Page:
Use of rifampicinresistant bacterial biocontrol strains for monitoring survival in soil and colonisation of pea seedling roots
AbstractSpontaneous rifampicinresistant strains of two bacterial biocontrol agents Bacillus subtilis and Paenibacillus polymyxa with potential to control Aphanomyces euteiches root rot of peas were used to assess bacterial survival in soil and colonisation of pea seedling roots The growth and biocontrol characteristics of the rifampicinresistant strains were similar to the wild type isolates In two nonsterile soils (Methven and Courtenay) both bacterial strains survived at least 28 days when applied as inoculum containing high endospore numbers However when applied as mostly cells no bacteria were recovered Bacteria applied as seed coat formulations colonised both the rhizosphere and rhizoplane of the resulting pea seedlings with higher recovery from the top 04 cm root section compared with the bottom 58 cm section Apart from the top root section for P polymyxa where there was no difference in the recovery between the rhizoplane and rhizosphere recovery of the bacteria was higher in the rhizoplane compared with the rhizosphere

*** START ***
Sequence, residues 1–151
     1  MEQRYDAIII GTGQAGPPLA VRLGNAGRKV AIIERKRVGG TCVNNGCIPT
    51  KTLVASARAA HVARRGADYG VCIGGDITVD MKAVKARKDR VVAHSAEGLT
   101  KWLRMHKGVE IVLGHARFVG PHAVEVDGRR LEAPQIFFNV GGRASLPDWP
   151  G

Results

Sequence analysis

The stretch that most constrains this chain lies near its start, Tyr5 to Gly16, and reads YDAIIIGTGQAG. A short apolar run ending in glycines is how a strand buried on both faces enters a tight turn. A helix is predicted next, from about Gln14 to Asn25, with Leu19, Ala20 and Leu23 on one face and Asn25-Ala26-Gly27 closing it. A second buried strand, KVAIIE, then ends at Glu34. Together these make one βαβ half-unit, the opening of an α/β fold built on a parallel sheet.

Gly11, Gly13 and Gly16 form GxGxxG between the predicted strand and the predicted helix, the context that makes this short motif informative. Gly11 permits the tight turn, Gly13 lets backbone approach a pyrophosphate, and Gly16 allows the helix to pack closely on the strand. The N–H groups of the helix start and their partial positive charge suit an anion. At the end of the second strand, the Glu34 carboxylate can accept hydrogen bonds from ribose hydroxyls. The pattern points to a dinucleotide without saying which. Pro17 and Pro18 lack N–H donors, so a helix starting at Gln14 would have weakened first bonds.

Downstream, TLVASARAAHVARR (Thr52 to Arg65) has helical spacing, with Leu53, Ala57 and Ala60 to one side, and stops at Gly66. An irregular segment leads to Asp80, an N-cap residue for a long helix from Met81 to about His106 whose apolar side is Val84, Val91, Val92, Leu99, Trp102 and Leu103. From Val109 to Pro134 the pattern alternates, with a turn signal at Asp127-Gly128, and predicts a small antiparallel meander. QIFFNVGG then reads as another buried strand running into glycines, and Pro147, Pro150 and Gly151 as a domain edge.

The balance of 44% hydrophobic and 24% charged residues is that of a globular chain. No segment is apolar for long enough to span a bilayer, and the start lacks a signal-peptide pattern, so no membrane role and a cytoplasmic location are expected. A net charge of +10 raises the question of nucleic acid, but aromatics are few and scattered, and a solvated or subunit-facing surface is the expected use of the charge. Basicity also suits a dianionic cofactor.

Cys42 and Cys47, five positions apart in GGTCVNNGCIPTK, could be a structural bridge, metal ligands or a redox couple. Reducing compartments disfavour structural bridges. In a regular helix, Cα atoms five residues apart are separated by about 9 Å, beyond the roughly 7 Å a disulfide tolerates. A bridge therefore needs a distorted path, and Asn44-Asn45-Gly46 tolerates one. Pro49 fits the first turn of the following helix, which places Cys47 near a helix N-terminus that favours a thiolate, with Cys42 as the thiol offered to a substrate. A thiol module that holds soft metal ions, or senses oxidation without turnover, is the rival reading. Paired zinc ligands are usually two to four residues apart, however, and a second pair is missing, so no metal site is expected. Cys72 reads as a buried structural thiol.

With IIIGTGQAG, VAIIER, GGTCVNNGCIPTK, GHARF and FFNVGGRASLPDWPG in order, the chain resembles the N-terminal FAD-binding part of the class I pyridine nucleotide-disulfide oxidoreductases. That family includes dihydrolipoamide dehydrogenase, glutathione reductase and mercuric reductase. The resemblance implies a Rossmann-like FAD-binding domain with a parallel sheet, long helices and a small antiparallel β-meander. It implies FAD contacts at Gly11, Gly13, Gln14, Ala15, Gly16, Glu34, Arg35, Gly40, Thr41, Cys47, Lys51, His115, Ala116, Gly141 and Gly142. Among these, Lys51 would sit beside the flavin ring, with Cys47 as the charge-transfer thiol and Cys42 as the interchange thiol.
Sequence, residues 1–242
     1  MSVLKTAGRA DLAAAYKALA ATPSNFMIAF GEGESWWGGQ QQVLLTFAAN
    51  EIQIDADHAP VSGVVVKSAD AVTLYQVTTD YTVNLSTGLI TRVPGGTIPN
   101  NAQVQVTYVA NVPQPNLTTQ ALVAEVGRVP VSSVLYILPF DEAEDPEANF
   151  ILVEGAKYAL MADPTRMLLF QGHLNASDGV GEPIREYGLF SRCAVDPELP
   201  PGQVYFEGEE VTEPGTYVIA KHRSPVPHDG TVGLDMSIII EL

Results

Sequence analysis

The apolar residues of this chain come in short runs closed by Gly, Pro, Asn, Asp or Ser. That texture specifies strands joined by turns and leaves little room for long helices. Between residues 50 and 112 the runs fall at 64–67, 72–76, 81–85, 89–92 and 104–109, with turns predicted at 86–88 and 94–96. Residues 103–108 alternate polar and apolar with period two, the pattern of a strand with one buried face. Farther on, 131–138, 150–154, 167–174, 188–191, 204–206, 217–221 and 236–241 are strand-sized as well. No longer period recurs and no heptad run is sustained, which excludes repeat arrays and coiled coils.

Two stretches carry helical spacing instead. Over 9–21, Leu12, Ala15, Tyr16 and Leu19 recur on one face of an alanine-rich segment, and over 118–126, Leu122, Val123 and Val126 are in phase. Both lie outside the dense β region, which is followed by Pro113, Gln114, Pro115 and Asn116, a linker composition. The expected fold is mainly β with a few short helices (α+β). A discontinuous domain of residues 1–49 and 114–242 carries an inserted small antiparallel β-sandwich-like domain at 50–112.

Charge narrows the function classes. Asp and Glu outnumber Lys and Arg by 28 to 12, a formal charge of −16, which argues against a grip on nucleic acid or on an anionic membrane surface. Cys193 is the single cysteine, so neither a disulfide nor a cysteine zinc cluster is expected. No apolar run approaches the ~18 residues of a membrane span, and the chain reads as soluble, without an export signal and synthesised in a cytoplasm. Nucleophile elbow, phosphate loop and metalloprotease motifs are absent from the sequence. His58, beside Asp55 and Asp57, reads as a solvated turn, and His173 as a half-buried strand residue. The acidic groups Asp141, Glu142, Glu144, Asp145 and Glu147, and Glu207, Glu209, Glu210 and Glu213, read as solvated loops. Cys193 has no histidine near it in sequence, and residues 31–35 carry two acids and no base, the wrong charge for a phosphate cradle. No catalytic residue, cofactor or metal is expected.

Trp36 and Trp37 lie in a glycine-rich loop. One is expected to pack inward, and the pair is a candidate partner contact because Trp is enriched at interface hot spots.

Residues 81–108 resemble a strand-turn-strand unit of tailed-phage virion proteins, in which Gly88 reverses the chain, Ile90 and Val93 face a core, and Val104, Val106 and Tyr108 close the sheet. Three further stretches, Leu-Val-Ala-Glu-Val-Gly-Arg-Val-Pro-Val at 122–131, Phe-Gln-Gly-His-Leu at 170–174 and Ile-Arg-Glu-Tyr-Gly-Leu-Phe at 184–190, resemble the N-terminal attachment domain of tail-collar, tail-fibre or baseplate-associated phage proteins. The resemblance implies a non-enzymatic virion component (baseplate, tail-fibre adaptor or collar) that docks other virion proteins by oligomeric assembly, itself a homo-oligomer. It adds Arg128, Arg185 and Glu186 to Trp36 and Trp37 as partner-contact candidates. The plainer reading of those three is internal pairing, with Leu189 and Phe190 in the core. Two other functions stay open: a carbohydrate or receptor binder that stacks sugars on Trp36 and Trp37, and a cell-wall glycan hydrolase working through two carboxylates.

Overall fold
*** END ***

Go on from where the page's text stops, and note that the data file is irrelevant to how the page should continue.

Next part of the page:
How to Cite
Bolstridge, N., S. Card, A. Stewart, and E.E. Jones. “Use of Rifampicinresistant Bacterial Biocontrol Strains for Monitoring Survival in Soil and Colonisation of Pea Seedling Roots”. New Zealand Plant Protection 62 (August 1, 2009): 34–40. Accessed July 26, 2021. https://journal.nzpps.org/index.php/nzpp/article/view/4803.